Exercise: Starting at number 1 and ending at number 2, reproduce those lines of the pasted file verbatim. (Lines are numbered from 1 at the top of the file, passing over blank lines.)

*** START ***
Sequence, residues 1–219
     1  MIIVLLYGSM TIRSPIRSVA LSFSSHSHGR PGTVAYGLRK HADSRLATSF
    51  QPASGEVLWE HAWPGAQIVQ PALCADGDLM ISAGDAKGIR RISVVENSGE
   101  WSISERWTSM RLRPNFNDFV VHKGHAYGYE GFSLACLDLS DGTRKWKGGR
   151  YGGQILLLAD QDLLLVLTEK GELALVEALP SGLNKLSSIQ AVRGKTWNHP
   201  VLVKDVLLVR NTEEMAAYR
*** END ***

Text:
Sequence, residues 1–219
     1  MIIVLLYGSM TIRSPIRSVA LSFSSHSHGR PGTVAYGLRK HADSRLATSF